Nationals Arm Race

"… the reason you win or lose is darn near always the same – pitching.” — Earl Weaver

Contract Value for FA Starting Pitchers; the Cliff Lee lesson-to-be

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Cliff Lee. Photo: Al Bello/Getty Images

As Cliff Lee continues to dazzle in the post season (his most recent effort being his 8inning, 2hit 13k gem against the most potent offense in Baseball, your NY Yankees), rumors of his purported price tag in the Free Agency market continue to reach spiraling heights.  The most common numbers thrown out start at 5yrs, $25M per.  One author at Forbes thinks he may approach $200M for 6 years combining salary and endorsements.

If you are trying to compare talent to contract value, then you have to start with the highest paid pitchers at current.  CC Sabathia is at $23M/year, Johan Santana is at $22.9M/year on average, and Roy Halladay took a slight discount to sign with Philadelphia (and be able to live in his offseason Odessa home 2 extra months of the year and drive to Spring Training) and is making $20M/year on his new deal.  Clearly, Cliff Lee has shown that he belongs at least at the $20M/year scale.  But how much higher makes sense financially for the signing team?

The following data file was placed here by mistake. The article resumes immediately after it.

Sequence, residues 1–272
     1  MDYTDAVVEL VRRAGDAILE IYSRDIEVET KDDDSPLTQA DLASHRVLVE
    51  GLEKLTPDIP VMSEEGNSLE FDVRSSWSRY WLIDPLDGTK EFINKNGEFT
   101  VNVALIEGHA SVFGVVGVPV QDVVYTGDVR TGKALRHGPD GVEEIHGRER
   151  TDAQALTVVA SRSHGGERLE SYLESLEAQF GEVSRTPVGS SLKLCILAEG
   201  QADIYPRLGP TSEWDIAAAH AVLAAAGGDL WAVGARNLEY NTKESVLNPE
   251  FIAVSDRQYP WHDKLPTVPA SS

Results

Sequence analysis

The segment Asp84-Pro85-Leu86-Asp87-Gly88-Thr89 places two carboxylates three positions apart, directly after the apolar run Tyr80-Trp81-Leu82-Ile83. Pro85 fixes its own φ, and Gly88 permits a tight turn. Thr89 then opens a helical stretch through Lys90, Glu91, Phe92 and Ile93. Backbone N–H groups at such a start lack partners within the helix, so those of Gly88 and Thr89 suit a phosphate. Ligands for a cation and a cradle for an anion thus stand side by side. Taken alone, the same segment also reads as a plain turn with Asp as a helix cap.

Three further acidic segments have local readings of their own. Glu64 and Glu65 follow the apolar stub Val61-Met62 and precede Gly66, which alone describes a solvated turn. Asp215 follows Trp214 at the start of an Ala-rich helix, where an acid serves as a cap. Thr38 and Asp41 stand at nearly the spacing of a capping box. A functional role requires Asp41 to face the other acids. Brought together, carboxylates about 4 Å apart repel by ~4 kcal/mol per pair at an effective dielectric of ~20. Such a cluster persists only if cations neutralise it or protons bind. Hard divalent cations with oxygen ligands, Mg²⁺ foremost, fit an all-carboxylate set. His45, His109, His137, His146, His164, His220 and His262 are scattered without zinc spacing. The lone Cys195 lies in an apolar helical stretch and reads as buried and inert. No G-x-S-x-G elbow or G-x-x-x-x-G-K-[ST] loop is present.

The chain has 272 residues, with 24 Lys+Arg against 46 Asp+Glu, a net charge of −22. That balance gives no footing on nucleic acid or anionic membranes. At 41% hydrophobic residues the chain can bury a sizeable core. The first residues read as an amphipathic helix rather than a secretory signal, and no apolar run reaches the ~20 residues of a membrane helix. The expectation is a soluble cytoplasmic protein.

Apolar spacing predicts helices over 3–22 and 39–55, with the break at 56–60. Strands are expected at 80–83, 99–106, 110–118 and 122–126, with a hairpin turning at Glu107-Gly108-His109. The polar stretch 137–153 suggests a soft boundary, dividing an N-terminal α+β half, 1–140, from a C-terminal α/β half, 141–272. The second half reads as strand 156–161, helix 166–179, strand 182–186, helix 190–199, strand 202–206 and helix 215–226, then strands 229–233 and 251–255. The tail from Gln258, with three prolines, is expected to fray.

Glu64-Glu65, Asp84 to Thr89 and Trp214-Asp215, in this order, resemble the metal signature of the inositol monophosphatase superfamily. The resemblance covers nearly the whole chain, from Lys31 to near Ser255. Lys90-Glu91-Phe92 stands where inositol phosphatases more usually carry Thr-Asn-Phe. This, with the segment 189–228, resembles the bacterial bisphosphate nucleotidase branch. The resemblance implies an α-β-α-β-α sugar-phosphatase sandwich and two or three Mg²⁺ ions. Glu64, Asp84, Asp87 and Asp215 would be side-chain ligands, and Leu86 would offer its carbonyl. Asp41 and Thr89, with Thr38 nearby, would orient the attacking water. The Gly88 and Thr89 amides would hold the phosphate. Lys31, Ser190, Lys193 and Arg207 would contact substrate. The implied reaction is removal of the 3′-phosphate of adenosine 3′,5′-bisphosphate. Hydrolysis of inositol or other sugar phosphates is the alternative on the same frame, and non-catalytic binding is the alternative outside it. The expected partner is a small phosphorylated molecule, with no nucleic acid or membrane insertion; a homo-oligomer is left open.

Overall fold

Forgetting for the moment that payroll means very little to a team like the New York Yankees (unfortunately his likely destination), lets talk about the value of the Free Agent contract and whether a team that gives out a $25M/year contract can ever really get their money’s worth.  Baseball is filled with horror stories of huge FA contracts that went bust.  Names like Zito, Dreifort, Pavano, Neagle, and Hampton fill general managers and fan’s heads with dispair.

How bad were these contracts?  I put together a spreadsheet with every significant starting pitcher FA contract that I could find, then cross referenced it by the Pitcher’s Won/Loss record during the duration of the contract.  See below: the table is sorted in reverse order of $/win.  In addition to the major FA contracts, I also arbitrarily added every “Ace” starter in the league, resulting in names like Lee, Jimenez, Price and Buchholz being in this list despite not being major FA pitchers (yet).  Their inclusion illustrates one of my major conclusions below.

Pitcher Team Total Value (includes club options) $$/year Avg Contract Term W/L $ per win
Kei Igawa New York Yankees $46,000,000 $9,200,000 2007-11 2-4 $18,400,000